What FSBO seller need to know/master in order to sell?

5 Replies

Hi, I am putting together a web/telephone discussion on how to sell without a listing agent. Practising active realtors will not be invited. Only people who sold before or people that want to do it.  What are the questions/topics would be of most interest? After all, we will have like an hour and a half at most. Your thoughts and recommendations are greatly appreciated. 

@Jacob Bindler Skills a FSBO needs to master:

- A thorough understanding of the market.  Especially pricing. Price too high and you'll eventually sell for less - after a painful series of price reductions and far too days on the market.

- That means knowing how to run comps.  Knowing which kinds of properties can be used as comps and which can't - like comping a ranch with a colonial.  

- Creative writing.  Highlighting the positives.  Working around the negatives.  But not misrepresenting anything.

- A willingness to leave money on the table.  Every study I've seen says FSBOs net less money than they would using a professional agent.    Heck, even the FOUNDER of ForSaleByOwner.com used an agent after trying his home on his own.  

http://business.time.com/2011/08/17/fsbo-com-found...

- Negotiating. Chances are you'll sell to a buyer who is represented by an agent. If a FSBO is up against me representing a buyer, I guarantee you that I'll walk all over them.

- Photography.  Crappy photos will slow down your sale.  I bring several thousand dollars worth of gear to a photo shoot - I've been a pro photographer.  Be sure to tell your FSBOs to put the toilet seat down.  And before I forget, no, your iPhone isn't the right tool for the job.

- Marketing.  Where are you going to advertise?  What is your target audience?  What's your messaging?  What's your budget?

- Settling for less.  Common sense dictates that the way to get the highest price is to expose the property to the most people.  I will expose a property to MILLIONS - and I'll do it within minutes.  Craigslist and a yard sign from staples will expose it to hundreds.  Good luck to you and the Red Sox.

- A *very* flexible schedule. What is Mr. FSBO going to do when a buyer wants to see his home at 1 PM on a Tuesday? Take an "extended lunch break"? Every time?

- Knowing how to vet a buyer.  Do you know the right questions to ask to determine if the pre-approval is good?

- Knowing how to stage a home so it looks its best.

- Knowing how to run an open house - hiding the fact that you're the owner.  Buyer's won't tell you what they think for fear of insulting you.  They'll talk to a real estate agent though.  We get the objections and we can respond to them.

- Knowing what to disclose and what not to disclose.  Fail to disclose the wrong thing and you're in some attorney's crosshairs.  Disclose too much and you'll chase off buyers.

- Knowing the carefully orchestrated steps needed to get a bidding war going - and how to handle it if you're successful.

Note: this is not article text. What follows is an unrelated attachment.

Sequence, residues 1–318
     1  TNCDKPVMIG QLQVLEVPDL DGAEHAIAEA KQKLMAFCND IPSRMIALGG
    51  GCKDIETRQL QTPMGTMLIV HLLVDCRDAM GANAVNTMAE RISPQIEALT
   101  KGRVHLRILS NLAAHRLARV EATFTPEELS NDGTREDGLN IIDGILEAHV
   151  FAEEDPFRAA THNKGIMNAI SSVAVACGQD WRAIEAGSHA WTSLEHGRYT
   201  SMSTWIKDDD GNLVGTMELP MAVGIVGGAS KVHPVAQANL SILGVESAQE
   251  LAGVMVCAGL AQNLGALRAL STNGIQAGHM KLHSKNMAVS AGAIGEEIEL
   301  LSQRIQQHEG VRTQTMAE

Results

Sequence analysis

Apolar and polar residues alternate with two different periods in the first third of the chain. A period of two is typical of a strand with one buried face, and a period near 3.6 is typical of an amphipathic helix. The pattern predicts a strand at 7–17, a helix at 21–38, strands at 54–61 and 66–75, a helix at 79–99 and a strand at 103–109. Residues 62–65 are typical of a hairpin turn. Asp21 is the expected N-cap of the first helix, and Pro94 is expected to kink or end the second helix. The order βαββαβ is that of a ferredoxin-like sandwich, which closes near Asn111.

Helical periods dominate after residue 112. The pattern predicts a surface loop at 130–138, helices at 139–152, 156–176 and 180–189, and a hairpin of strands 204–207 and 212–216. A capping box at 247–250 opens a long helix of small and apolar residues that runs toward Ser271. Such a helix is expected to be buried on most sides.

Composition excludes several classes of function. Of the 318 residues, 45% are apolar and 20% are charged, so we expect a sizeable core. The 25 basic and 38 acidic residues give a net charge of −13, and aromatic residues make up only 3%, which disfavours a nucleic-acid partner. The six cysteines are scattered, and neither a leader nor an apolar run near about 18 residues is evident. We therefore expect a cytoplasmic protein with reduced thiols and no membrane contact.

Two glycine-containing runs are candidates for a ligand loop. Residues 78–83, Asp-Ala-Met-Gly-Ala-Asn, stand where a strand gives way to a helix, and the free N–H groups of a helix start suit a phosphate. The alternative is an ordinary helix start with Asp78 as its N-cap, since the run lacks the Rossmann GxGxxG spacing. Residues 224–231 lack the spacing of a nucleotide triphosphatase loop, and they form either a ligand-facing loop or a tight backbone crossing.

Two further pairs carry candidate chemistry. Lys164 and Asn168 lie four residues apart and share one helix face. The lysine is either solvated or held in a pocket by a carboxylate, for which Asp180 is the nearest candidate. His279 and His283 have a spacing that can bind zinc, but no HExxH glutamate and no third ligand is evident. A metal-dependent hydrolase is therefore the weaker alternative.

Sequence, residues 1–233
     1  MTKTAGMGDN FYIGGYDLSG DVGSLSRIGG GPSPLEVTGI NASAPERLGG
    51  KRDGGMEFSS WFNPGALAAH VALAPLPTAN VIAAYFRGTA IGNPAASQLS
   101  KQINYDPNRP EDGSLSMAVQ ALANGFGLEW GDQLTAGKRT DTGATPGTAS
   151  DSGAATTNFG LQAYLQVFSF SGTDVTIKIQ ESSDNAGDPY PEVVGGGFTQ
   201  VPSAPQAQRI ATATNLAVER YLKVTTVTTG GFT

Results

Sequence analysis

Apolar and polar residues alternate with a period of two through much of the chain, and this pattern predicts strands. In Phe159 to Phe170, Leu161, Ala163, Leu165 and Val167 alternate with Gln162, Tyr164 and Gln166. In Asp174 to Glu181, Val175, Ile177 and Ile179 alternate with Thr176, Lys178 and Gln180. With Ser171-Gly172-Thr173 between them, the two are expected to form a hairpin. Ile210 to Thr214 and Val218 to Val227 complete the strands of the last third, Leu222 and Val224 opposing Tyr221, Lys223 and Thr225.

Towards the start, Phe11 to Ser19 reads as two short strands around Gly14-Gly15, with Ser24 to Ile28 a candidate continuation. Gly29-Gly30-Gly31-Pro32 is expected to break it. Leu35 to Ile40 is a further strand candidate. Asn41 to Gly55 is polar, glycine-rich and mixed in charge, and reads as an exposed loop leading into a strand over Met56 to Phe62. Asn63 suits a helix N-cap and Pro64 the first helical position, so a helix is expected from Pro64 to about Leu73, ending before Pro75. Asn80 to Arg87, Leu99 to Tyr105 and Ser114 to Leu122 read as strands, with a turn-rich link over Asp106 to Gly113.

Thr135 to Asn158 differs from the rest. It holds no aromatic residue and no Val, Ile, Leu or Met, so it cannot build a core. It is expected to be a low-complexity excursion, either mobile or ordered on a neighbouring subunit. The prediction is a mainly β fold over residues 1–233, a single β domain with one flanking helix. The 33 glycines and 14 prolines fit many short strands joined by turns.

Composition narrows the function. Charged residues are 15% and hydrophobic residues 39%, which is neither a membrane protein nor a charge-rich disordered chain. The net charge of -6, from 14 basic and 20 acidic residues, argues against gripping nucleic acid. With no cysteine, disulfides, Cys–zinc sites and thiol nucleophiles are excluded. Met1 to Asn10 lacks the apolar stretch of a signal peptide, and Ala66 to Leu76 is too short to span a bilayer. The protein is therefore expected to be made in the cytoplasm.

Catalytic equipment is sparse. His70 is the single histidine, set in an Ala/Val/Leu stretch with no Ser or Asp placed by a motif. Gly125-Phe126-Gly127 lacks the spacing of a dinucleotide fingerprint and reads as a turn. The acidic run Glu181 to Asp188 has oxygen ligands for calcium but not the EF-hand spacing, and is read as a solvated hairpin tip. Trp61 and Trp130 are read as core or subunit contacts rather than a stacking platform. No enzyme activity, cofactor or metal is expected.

- Knowing what demands of a buyer should be agreed to and which shouldn't. 

- Knowing how to respond to items raised in a home inspection.

- Knowing how to handle a bad appraisal.

- Knowing the correct day of the week to list a property.  Yes, there is a correct day!

- Knowing how and when to follow up with prospective buyers.

I could go on writing this for another hour, but unless a home owner is experienced in all of those things, they're going to do a job that's FAR inferior to what an experienced agent will do for them.

Yes, you can FSBO - but it will take you more time to do it and you'll do it for less money.

PS - you can do your own dental work too, but I don't recommend it.

Good list. Thank you, Charlie. Let me distill and summarise for practical purposes since the goal is not to debate what is better, but give people who WANT to try to sell on their own a bit of a bost:

  • get third-party help with pricing ( would you say it would be about $200?)
  • hire a writer ($50 ?)
  • Get a good RE attorney early on to help in negotiation, appraisal, and inspection
  • make someone to take pro pictures 

I am puzzled about the timing of the listing. do you care to expand? 

One of the more common mistakes I see fsbos make is having fair housing violations in their property descriptions.

I sold a couple FSBOs last year, but I've done it a few times listing with realtors well. I've also purchased many times solo so I don't recommend new sellers try this on their own.

I needed good comps to price properly. A ton of FSBOs ask way too much or leave a bunch on the table. Most also have no idea what the next step is if someone likes their house so good thing you are doing this.

There are a lot of disclosures. Legal description, property and title condition, lead based paint if pre 1978, square footage, etc. Some of these are state-specific, some respa federal.

Lastly off the top of my head, know if your place will be VA or FHA financable. Nothing worse than doing all the above right only to find out the appraiser fails you for improper railings and windows 4 weeks in!

Originally posted by @Steve Vaughan : A ton of FSBOs ask way too much or leave a bunch on the table. 

 The agent I was talking to the other day told me a story that was typical in his view: He was one of four brokers trying to get a listing and gave the owners his view on the price: $1.7M (it is a bit pricey out here). The owners eventually went with an agent listing the place for $3.8m. 18 months later the place is sold for $1.8M by the third realtor working the contract. All I am saying is that FSBOs are not along in mispricing the properties. Different reasons, but the result is just the same.  

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